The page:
And then, in February 1997 Bennet released Mums gone to Iceland. Presumably the last single.

Now I’ve no idea how much this took Roadrunner by surprise. Certainly they must have signed them for a reason and I’m doubting it was for my favourite song at the time Wanker (I was very immature for someone in their early 20’s, not much has changed)

It had a shockingly bad single cover even by the standards of the day. Literally the four of them standing in a white room with Jason drinking Orange Juice. The height of not trying on the labels’ part.

I don’t have any adverts for it, despite running up a website for them and having things like postcards, I’m not even sure it really got promoted…
Dead in the water, surely?

It got to number 34.

Now that’s not a massive hit it would seem. But back then getting in the top 40 meant something and for Bennet, everything. It meant radio play, it meant at least some people were interested and some were buying them.

So now Roadrunner have to give even a simple push, maybe this wasn’t such a failed experiment?

Noticeably some ads appeared and artwork on the follow up single improved a lot….but too little too late, a re-release of an earlier single wasn’t going to cut it with more woeful b sides and it slid in at 64.

Confused, Roadrunner must have felt compelled to do a second album. Because now, well, this lot have actually done something lots of indie bands – labouring in those days – hadn’t done with much bigger pushes and budgets.

Even to this day indie fans know Mums Gone to Iceland if they’re of a certain age/dedication.

But at the time not a lot happened. More touring, but without new material. And then, radio silence.

The recorded a second album. I saw them preparing for album 2’s release at London’s Water Rats venue. Fantastic, but still…Water wasn’t up and the nicer supports (Carter USM being one of their biggest) weren’t forthcoming.

I Like Rock came out as lead single album, barely charting, but still charting…but too little too late, no one seemed to care – at least not enough.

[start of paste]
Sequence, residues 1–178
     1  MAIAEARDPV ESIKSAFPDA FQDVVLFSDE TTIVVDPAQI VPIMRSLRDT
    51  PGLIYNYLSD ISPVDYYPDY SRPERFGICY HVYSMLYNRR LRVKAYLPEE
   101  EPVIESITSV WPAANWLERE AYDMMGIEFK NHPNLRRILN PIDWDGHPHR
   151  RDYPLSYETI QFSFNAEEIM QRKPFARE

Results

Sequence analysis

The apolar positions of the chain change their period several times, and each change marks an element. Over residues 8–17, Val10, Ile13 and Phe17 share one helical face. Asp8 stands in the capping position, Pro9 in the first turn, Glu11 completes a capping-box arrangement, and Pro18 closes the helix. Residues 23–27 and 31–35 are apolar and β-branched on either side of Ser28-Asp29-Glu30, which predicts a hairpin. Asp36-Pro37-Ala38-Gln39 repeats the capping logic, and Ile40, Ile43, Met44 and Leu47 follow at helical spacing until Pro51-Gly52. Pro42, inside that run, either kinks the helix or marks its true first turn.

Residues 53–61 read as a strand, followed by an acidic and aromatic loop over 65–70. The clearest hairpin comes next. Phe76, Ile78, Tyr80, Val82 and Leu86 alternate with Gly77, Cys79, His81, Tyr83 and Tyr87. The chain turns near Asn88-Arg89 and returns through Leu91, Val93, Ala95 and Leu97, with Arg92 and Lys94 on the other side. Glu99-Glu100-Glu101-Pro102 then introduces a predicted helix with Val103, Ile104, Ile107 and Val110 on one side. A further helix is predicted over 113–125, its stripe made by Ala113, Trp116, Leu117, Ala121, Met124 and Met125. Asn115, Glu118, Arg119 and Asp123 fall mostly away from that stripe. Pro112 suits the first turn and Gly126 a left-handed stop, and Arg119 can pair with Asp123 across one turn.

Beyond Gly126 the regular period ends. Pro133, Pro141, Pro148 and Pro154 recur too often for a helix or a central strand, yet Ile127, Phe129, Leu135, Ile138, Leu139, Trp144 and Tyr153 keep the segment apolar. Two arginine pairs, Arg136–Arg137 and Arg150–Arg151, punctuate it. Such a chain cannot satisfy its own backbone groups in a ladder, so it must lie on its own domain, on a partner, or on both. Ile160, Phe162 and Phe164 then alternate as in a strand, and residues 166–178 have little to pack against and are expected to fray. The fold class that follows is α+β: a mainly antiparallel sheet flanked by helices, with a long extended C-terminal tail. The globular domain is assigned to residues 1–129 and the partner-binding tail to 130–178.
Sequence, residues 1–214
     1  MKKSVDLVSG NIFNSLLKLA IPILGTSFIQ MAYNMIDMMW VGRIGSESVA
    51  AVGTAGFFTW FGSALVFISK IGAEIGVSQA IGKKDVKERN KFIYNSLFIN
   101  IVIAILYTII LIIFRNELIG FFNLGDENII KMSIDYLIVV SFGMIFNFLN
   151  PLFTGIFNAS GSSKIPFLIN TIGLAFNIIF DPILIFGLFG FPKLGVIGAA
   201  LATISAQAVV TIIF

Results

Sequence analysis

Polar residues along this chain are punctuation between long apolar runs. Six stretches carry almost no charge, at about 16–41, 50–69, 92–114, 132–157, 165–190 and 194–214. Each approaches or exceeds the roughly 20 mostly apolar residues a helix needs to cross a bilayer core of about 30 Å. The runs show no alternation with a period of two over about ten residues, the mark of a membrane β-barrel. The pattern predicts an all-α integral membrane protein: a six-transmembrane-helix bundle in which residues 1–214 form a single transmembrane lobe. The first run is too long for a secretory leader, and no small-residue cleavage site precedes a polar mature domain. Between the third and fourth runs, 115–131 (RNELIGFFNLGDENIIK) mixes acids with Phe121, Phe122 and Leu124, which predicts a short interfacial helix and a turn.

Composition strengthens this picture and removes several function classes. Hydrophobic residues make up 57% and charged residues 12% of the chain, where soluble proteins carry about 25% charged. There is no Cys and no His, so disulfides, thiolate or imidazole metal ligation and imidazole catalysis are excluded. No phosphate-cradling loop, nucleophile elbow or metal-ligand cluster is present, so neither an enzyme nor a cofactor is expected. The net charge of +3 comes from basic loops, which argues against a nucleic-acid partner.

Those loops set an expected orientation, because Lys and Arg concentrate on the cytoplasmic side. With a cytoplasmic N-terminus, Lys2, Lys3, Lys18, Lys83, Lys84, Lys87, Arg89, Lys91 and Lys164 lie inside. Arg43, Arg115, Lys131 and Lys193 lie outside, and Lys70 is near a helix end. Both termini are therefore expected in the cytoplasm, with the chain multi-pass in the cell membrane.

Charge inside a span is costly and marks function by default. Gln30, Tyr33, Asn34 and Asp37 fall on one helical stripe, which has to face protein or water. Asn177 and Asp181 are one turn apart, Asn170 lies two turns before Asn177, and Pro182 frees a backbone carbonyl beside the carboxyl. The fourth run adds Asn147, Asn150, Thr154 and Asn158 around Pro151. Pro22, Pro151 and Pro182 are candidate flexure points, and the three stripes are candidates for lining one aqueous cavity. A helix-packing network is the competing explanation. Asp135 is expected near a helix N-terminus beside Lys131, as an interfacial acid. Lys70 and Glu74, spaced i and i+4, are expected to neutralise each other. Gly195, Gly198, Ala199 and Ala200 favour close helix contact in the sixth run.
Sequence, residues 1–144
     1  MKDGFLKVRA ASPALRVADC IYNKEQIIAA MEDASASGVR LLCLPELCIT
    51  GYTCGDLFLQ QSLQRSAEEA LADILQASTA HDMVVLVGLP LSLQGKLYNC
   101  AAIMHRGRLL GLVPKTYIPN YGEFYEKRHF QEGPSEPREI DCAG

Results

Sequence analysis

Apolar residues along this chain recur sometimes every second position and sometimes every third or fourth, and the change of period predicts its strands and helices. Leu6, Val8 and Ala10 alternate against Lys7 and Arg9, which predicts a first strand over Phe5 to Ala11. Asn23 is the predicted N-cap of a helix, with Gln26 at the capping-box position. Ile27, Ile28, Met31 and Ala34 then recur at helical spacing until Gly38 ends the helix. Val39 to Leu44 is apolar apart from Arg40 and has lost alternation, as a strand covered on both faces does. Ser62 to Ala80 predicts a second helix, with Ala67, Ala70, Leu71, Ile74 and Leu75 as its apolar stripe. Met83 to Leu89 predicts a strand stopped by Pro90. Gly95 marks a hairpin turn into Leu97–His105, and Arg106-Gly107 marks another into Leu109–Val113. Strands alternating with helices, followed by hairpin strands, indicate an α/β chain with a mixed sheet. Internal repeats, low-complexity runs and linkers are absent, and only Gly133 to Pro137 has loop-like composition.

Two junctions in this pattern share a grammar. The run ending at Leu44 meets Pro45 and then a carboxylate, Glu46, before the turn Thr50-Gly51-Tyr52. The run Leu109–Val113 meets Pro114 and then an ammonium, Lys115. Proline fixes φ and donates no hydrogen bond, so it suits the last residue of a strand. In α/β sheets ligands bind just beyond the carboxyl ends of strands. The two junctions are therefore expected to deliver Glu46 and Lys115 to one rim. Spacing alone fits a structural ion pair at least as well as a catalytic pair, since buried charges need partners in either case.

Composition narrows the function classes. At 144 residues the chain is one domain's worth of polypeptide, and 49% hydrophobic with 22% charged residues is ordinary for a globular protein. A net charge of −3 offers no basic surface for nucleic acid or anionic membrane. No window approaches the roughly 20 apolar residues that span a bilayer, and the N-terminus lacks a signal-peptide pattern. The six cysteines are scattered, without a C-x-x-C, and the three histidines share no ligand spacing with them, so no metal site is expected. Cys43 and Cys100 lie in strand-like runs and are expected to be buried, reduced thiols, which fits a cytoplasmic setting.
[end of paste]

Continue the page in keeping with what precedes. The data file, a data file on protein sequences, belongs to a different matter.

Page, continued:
And then somehow, they got a BBC 1 radio broadbast from a show in Exeter.

And in that radio show, a possible second hit, a secret weapon, a last gasp: Generation Pepsi.

A anthemic track, much more intricate, much bigger chorus – it showed a side of Bennet starting to learn how to do ‘bigger tracks’, bit of word of mouth…

Best showcased on that live gig broadcast by Radio 1, it had a great chorus and…

And then Pepsi got wind of it. They weren’t having it and I can’t imagine Roadrunner were going to push back, given the status of the band.

Generation Pepsi staggered, punch drunk, out of Roadrunner, renamed as Horses Mouth, some truly underwhelming production, more awful artwork (neon pink arrows anyone?) and very strangely adjusted lyrics even in the verse killing any chance of it doing well and indeed it didn’t.
The second album also waddled out, a few muted ads around the papers – but not much – this one had a decent opener, lots of energy, a few decent tracks scattered around the filler (typical ‘written on the tour’ stuff it struck me), but it wasn’t amazing (though again it garnered decent reviews).

And by the end of 1998, Bennet were done, dropped.

So what has this taught us about what happens when a great little band sign to the wrong label?

Who knows.

So for now, sit back, relax and enjoy the best song Bennet had – even if it didn’t have the hilarious (to an immature 20 year old) sucker punch of Wanker

Karaoke (Live – Exeter University)
Someone Always Gets There First
Wanker (Live – London Astoria, 20th September 1996)
Young, Free And Sorry
Alright, so I lied about Wanker.

Karaoke is from the awesome Radio 1 Broadcast from Exeter, Wanker is from the tape given away at a Highbury Garage gig in 1996, SAGTF is the single version and Young, Free And Sorry is favourite Bennet song.

I’d have put the Bennet Christmas single here but a) I don’t have it b) It’s not their best song. ;O)

Thanks for reading,

Ed The Saint


See See Rider – Stolen Heart

See See Rider were brilliant when I saw them at the Joiners Arms, Southampton.  They were signed to Lazy Records after being spotted by Birdland manager Wayne Morris and the secured support slots for Lloyd Cole and the Jesus and Mary Chain (See See Rider were from the Mary Chains home town of East Kilbride).  They only made a couple of singles and the album was abandoned before it was released.  Their output actually made My Bloody Valentine look busy. But it was not necessarily their fault as they were victims of a series of unfortunate incidents.  These included a motorbike accident and bust ups onstage.

Stolen Heart is the second and last release from See See Rider.  It features a cover of The Rolling Stones, Happy only on the vinyl edition of the EP. So I have been slightly completest and have included both the CD and 12” versions. With an output limited to only 2 releases you can be excused for being slightly obsessive.

See See Rider : Stolen Heart


The Bedflowers – Songs : Summer 1990

In the early nineties before widespread internet use and podcasts if you wanted to discover new music, you listened to the radio. I fondly remember coming home from a night out on a Saturday, switching on the radio turning the volume off and recording John Peel while I slept. I would wake up in the morning and the light on the radio would still be on. From this I made many discoveries. Some of the things I heard I would never listen to again, like a spoken word radio parody Broadcast Booth by The Drag Racing Underground, the other was The Bedflowers I’m So Cool. This is no longer a distant memory, with the help of the internet.